There are bad dealers out there but also many good ones. People should refrain from making general comments about all dealers until they have a much better understanding of how a dealership operates. It is unfortunate that the bad dealers make everyone look bad.

:partyon:
 

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Interesting :surprised
 

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I have always wondered about this and it will be interesting if anyone can give me a good answer...

How does GM charge dealerships for vehicle inventory? Obviously, there is a cost to keep vehicles on the lot and a benefit for dealerships to sell vehicles quickly.

I look at the local Chevy dealership near my house and they have 50 Corvettes in stock. That can't be cheap. Am I correct at saying that the longer the dealership leaves a car on the lot the less profit they make on that car (assuming they sell it at MSRP or invoice)?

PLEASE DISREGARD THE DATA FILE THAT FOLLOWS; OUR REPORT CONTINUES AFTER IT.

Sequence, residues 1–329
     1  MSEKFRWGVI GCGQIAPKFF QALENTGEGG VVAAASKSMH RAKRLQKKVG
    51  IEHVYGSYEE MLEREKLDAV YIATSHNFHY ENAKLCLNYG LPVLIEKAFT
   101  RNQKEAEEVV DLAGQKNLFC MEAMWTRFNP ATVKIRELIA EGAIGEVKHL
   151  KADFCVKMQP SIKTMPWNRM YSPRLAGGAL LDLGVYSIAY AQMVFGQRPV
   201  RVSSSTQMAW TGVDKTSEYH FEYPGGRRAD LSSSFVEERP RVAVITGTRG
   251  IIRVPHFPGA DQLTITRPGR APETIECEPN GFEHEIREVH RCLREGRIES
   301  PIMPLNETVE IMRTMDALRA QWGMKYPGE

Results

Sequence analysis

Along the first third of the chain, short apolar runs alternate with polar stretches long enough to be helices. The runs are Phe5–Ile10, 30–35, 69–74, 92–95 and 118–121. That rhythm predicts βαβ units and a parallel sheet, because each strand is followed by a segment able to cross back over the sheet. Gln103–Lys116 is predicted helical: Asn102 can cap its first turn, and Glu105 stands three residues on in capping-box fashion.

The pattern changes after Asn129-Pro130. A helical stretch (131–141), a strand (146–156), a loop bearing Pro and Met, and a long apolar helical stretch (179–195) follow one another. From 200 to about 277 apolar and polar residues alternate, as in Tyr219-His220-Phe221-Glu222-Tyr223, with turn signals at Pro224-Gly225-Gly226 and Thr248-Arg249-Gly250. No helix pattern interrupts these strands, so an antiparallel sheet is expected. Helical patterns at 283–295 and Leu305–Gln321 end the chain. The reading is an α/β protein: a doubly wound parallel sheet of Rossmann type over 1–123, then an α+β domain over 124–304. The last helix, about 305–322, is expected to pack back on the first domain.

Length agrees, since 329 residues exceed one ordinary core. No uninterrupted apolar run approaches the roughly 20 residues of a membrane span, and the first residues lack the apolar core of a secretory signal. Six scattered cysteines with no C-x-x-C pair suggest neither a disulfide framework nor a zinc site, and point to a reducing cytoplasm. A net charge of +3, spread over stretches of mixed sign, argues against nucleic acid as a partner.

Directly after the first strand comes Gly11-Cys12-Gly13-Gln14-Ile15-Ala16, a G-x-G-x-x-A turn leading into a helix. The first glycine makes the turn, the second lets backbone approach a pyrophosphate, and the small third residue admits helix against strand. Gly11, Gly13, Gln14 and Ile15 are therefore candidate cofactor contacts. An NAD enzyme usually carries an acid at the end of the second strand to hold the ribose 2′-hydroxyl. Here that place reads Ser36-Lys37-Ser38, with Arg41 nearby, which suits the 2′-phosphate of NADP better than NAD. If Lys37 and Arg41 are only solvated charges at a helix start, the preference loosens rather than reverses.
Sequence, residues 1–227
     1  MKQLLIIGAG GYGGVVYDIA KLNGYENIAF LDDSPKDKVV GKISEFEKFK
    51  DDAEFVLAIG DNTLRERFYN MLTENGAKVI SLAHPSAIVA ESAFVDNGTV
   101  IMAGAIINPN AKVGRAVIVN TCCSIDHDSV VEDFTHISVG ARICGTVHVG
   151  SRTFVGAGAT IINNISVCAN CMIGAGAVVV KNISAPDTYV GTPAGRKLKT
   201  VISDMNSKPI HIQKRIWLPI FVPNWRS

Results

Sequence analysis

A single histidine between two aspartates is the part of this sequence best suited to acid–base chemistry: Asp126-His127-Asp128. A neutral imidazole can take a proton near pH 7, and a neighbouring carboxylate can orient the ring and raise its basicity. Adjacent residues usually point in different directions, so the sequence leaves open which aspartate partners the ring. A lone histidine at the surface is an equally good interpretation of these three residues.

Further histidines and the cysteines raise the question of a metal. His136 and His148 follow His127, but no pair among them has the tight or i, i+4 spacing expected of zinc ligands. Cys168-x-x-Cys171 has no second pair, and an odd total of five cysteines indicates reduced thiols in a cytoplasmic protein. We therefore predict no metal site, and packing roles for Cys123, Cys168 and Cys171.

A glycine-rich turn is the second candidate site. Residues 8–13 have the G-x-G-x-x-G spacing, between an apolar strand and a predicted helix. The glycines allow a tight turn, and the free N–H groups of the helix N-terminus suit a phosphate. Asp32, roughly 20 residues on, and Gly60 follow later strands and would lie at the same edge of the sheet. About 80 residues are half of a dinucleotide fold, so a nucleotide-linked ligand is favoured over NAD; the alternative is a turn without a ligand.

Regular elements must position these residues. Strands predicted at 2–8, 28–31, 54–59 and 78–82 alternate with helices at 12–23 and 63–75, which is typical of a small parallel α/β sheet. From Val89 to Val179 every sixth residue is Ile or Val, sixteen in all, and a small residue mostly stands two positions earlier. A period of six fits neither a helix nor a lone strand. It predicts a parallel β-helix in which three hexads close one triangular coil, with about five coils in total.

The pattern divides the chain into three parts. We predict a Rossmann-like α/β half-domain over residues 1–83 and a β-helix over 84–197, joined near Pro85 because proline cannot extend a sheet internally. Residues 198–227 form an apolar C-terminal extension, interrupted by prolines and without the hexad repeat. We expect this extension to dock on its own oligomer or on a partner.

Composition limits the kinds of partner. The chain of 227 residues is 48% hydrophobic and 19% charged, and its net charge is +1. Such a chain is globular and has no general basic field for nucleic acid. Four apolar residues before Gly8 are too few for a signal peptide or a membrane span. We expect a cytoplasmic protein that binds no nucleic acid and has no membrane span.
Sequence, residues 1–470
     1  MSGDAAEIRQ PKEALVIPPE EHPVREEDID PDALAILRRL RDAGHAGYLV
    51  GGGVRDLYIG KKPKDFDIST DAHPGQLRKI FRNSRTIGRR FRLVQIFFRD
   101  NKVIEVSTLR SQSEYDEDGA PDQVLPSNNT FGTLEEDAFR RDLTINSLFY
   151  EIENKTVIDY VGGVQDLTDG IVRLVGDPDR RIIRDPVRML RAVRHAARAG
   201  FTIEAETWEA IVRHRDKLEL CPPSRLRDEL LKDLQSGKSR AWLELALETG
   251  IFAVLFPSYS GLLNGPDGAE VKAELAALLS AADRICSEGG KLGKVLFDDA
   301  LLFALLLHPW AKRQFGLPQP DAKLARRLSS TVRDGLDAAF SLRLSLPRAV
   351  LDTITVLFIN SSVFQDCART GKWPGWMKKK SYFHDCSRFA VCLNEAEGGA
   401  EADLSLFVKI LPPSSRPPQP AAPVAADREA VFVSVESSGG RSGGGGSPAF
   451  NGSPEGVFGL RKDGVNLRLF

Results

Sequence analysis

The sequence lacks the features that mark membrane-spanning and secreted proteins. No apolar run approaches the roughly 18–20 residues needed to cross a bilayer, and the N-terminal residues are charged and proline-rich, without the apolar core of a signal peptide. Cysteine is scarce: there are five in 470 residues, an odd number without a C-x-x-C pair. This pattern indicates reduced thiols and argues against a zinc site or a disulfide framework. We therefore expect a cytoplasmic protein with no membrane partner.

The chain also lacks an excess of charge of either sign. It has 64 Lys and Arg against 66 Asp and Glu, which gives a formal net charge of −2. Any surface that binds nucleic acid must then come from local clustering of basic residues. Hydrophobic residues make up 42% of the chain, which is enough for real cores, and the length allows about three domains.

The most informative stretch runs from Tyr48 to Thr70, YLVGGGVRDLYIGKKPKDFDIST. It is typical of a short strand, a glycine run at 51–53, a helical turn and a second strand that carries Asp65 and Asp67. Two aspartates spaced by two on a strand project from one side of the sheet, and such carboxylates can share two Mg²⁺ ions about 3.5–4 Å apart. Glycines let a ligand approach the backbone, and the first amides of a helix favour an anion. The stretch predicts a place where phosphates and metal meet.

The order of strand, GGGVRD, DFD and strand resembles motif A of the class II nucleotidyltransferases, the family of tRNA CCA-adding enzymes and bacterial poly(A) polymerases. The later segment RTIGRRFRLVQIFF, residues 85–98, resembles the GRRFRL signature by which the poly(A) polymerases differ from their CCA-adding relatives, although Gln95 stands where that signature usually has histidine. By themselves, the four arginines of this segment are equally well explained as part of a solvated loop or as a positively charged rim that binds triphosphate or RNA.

Is the inventory cost a function of MSRP or invoice price? Does it go up as the car sits there?

Does GM even charge something like this?

I just look at Rick and Carl and the others selling 2007 Vettes for $7,000+ off of MSRP late in the year and wonder how much you guys are still making on these cars!

Thanks in advance for any input on this.
Hi buddy, sorry for delay to your question....it's on the bank the delaer is financed with and that is where the charge comes from. We are charged advertising fees, we have to advertise on top of that to keep things moving, pay for training, pay for tools & equipment as needed...you bet it does get costly.